A wireless network also allows students to connect to the network and work on schoolwork anywhere in the building without having to worry whether a wired network jack is nearby or whether someone else is already using it.

The use of wireless bridging is also very prevalent in campus environments. Many universities and colleges use many types of wireless bridge links, including 802.11, to connect buildings campuswide.

Industrial—Warehousing and Manufacturing

Warehouses and manufacturing facilities are two environments in which wireless networking has been used for years, even before the 802.11 standard was created.

Due to the vast space and the mobile nature of the employees in these environments, companies saw the need to provide mobile network access to their employees so they could more effectively perform their jobs.

Warehouse and manufacturing environments often deploy wireless handheld devices such as bar code scanners, which are often used for inventory control. Most 802.11 networks deployed in either a warehouse or manufacturing environment are designed for coverage rather than capacity.

Handheld devices typically do not require much bandwidth, but large coverage areas are needed to provide true mobility. Most early deployments of 802.11 frequency hopping technology was in manufacturing and warehouse environments.

Some legacy 802.11 FHSS deployments still exist today. Wireless networks are able to provide the coverage and mobility required in a warehouse environment and provide it cost effectively.

Healthcare—Hospitals and Offices

Although healthcare facilities such as hospitals, clinics, and doctors offices may seem very different than other businesses, they essentially have the same networking needs as other companies: corporate data access and end-user mobility.

Healthcare providers need quick, secure, and accurate access to their data so they can react and make decisions. Wireless networks can provide mobility, giving healthcare providers faster access to important data by delivering the data directly to a handheld device that the doctor or nurse carries with them.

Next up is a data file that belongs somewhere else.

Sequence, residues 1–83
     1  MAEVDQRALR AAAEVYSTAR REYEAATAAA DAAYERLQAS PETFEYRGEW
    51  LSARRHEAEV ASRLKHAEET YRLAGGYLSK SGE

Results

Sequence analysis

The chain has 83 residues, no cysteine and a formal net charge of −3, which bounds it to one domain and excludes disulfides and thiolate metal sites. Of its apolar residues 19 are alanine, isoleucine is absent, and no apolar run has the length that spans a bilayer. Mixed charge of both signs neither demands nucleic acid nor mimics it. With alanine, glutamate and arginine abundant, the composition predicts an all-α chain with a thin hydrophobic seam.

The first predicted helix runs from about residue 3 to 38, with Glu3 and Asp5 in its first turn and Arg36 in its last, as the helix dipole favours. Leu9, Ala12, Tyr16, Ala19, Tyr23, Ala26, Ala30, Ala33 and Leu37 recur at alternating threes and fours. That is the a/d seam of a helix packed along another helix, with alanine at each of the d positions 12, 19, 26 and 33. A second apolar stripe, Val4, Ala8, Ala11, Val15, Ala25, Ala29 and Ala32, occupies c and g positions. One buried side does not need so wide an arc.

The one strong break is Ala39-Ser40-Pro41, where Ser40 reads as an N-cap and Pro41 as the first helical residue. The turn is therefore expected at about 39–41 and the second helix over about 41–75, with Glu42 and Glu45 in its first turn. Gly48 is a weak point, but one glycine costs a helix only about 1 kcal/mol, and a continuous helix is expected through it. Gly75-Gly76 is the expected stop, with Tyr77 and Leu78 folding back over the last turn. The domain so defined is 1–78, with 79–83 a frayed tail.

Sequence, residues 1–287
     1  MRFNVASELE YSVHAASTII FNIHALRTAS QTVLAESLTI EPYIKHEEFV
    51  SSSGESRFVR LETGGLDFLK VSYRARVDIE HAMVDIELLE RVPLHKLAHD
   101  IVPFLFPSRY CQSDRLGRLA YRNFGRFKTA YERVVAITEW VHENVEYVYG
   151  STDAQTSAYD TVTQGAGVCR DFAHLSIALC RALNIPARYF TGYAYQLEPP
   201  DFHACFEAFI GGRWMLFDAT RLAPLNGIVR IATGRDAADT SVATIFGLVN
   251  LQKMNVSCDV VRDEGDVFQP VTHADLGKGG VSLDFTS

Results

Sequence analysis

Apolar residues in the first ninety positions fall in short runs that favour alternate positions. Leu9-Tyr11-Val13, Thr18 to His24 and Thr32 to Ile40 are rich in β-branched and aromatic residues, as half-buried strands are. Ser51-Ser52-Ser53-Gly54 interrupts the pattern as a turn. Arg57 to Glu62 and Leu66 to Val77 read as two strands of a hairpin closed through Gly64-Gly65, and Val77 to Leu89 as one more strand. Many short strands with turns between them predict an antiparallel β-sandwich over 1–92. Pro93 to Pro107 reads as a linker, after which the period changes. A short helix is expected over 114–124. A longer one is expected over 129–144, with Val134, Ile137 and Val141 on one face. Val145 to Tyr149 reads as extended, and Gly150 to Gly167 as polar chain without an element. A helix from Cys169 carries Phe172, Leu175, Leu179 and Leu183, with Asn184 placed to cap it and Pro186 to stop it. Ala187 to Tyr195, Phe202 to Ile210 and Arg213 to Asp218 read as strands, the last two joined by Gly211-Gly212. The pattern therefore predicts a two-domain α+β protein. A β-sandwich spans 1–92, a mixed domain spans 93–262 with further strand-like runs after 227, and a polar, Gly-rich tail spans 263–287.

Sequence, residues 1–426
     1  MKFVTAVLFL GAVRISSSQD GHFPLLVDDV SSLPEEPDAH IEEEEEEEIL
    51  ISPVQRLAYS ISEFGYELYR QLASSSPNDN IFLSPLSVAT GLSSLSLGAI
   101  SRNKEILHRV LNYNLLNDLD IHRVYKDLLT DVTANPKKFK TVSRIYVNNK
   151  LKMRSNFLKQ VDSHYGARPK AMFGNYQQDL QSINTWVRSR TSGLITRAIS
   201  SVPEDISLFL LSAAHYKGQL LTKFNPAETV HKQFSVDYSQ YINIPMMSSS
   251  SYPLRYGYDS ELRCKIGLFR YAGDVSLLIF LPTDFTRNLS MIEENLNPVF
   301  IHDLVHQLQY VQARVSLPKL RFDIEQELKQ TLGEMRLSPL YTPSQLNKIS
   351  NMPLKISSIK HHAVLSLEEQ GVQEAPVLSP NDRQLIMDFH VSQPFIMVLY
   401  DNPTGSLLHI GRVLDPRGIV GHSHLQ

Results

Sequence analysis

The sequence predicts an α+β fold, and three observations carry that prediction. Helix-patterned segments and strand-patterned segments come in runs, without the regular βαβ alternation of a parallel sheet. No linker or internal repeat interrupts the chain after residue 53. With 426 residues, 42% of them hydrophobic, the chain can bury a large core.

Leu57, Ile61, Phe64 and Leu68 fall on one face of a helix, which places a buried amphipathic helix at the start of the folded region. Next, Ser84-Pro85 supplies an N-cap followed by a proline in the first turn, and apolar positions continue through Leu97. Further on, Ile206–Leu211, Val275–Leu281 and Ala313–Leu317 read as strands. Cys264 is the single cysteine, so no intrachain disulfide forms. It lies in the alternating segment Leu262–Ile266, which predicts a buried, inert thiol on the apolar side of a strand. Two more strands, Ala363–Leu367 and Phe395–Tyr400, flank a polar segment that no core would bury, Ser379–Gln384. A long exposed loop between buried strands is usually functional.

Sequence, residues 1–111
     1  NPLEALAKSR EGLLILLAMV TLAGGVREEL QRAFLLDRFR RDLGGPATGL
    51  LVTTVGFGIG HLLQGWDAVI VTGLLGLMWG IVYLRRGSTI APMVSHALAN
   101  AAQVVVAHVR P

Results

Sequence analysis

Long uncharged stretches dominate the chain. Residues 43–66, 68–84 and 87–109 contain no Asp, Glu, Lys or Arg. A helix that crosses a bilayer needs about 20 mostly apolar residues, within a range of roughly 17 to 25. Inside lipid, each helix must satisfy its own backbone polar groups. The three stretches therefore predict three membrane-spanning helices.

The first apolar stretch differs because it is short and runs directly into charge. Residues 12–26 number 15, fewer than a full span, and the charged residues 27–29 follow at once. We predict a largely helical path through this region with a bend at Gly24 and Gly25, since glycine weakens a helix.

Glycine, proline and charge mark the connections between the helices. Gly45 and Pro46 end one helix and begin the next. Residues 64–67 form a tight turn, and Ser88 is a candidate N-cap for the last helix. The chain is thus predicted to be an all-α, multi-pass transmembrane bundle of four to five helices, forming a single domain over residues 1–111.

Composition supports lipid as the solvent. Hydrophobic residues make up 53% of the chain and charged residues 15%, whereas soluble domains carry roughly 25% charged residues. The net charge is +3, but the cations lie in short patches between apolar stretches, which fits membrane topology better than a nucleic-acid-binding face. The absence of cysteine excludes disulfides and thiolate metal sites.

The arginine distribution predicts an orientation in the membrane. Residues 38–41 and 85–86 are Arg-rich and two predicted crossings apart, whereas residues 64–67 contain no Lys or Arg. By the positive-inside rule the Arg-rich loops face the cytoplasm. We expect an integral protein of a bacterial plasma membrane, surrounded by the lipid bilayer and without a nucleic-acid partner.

Hospitals rely upon many forms of proprietary and industry-standard wireless communications that may have the potential of causing RF interference with 802.11 wireless networks. Medical carts used to monitor patient information often have wireless connections back to the nursing station.

VoWiFi is another common use of 802.11 technology in a medical environment. Many hospitals have designated a person or department to keep track of the frequencies and biomedical equipment that are used within the hospital to help avoid conflicts.

Public Network Access

The term hotspot typically refers to a free or pay-for-use wireless network that is provided as a service by a business. When people think of hotspots, they typically associate them with cafes, bookstores, or a hospitality-type business such as a hotel or convention center.

Hotspots can be used effectively by businesses to attract customers. Business travelers often frequent restaurants or cafes that are known to provide free Internet access.

Many of these establishments benefit from the increased business generated by offering a hotspot. Free hotspots have drawn much attention for the 802.11 wireless industry, helping to make more people aware of the benefits of the technology.

Other hotspot providers have had difficulty convincing people to pay upwards of $40 per month for a subscription. Many airports and hotel chains have installed pay-for-use hotspots; however, there are many different providers, each one offering a separate subscription from the other, which is often not practical for the consumer.

Most hotspot providers perform network authentication using a special type of web page known as a captive portal. When a user connects to the hotspot, the user must open up a web browser. No matter what web page the user attempts to go to, a logon web page will be displayed instead.

This is the captive portal page. If the hotspot provider is a paid service, then the user must enter either their subscription information, if they are a subscriber to the service, or credit card information, if they are paying for hourly or daily usage.

Many free hotspots also use captive portals as a method for requiring users to agree to a usage policy before they are allowed access to the Internet.

If the user agrees to the terms of the policy, they are required to either enter some basic information or click a button, validating their agreement with the usage policy. Many corporations also use captive portals to authenticate guest users onto their corporate networks.